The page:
Thank you for writing. I can’t respond to everything in your email but let me offer a few thoughts:
First, regarding your difficulties with women: Please don’t be so hard on yourself. Your problem with interacting with women is not unusual, even if you think so. You didn’t have a positive role model of manhood from your father, so you didn’t learn how to relate to women in a respectful and loving way from him.
Social skills are learned. They are not in-born. You need a safe place to learn them and to get some practice. I have a number of suggestions:
First, get involved in some kind of activity that includes single women your age. When people focus on an activity (a charity, a sport, a building project), they get to know each other gradually over time. It takes the anxiety level down since the focus is on the activity, not on each other.
Watch chick flicks. Yes, watch movies and study them as carefully as you studied for exams. Although the romances are idealized, they will give you some idea of how to relate. It’s like learning a new language. Memorizing those dialogues our teachers made us learn provided a template for interaction.
Individual therapy with a female counselor may also help. Like the group. it provides a safe place to ask your questions and to get feedback.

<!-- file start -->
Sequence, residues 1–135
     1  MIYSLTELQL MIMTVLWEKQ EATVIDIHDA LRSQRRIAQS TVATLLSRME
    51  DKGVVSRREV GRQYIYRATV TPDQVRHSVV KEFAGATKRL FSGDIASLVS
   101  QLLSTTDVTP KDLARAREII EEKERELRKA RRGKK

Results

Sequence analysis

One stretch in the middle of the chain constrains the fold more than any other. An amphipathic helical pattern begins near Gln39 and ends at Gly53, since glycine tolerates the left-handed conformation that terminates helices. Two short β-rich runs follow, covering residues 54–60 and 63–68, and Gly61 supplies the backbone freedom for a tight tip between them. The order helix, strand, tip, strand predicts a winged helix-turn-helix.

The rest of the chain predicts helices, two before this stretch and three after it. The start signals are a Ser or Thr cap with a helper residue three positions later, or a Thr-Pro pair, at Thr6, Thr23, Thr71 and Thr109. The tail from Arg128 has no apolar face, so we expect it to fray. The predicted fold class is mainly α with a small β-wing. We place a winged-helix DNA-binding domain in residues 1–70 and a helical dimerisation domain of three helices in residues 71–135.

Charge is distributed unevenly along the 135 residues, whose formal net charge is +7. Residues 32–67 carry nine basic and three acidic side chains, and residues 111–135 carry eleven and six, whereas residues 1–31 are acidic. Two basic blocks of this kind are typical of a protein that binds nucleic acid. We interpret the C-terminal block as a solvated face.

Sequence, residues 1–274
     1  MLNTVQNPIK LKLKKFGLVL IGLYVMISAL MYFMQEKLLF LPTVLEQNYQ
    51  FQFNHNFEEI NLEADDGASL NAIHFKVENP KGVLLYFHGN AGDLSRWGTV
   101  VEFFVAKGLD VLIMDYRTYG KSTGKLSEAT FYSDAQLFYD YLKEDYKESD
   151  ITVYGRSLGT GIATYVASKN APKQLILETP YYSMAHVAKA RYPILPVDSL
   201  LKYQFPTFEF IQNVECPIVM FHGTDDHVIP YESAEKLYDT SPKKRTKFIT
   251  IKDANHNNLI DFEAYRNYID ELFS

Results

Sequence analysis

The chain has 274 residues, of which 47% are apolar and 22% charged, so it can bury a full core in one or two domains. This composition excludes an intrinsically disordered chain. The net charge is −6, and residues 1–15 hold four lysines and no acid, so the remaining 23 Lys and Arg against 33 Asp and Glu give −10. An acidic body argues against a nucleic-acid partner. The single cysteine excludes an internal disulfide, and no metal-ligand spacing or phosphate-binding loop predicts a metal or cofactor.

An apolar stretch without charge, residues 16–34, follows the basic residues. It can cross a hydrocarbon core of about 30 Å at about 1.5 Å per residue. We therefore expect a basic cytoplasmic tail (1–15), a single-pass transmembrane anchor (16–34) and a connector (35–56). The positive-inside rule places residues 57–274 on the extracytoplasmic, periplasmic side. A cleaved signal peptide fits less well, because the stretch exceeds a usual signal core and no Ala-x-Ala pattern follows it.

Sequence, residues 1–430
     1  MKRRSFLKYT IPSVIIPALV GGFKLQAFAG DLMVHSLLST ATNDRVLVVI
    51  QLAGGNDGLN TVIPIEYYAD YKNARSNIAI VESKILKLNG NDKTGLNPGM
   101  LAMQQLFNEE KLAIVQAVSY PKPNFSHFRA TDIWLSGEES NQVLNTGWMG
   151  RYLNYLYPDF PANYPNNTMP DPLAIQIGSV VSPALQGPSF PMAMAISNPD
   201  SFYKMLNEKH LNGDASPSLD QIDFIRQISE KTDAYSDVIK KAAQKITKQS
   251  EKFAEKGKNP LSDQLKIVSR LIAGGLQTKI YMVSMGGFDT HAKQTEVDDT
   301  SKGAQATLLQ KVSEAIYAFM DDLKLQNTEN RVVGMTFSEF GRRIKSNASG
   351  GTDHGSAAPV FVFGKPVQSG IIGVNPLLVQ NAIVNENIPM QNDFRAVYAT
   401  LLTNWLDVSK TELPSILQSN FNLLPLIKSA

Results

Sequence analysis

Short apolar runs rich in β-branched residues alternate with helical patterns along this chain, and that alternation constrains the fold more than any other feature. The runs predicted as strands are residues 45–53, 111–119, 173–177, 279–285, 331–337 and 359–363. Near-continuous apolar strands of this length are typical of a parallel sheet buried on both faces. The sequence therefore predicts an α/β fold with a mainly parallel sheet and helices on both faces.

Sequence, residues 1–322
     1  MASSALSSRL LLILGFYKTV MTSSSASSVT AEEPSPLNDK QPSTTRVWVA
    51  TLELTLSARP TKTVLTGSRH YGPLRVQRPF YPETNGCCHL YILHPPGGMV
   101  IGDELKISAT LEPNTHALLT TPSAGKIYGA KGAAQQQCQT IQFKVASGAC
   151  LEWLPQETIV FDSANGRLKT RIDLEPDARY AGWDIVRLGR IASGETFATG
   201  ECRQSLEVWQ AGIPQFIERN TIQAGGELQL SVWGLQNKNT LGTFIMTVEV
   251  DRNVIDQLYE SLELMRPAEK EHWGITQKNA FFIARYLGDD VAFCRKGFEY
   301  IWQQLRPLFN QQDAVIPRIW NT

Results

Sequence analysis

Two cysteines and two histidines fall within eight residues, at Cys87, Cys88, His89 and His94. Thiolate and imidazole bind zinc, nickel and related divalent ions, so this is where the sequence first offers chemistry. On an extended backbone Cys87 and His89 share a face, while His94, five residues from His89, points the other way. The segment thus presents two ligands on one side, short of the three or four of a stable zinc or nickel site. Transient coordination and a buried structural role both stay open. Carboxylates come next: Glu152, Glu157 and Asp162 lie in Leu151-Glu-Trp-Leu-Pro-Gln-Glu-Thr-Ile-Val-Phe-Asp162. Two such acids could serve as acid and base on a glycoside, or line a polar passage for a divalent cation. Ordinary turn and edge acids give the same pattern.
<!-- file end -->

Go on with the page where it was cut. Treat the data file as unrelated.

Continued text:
Finally, consider joining an online forum here at PsychCentral. You can get good advice and support from the members.
Do not get involved with prostitutes as a sad substitution. Such encounters are not a model for normal relationships with women. They may give you an outlet for sexual frustration but they will damage your ability to relate to the women you want to be with.
Regarding your work issues: A couple of times you said you “used to be a nerd” as if being a nerd is a bad thing. It’s not if it is defined as being intensely interested in mechanics or sciences. If you were seeing me for therapy, I would want to explore with you why you gave that up since you did well in your exams and in obtaining your first job. I really think it would be useful for you to talk to a therapist about what happened that made you become so discouraged.
I wish you well.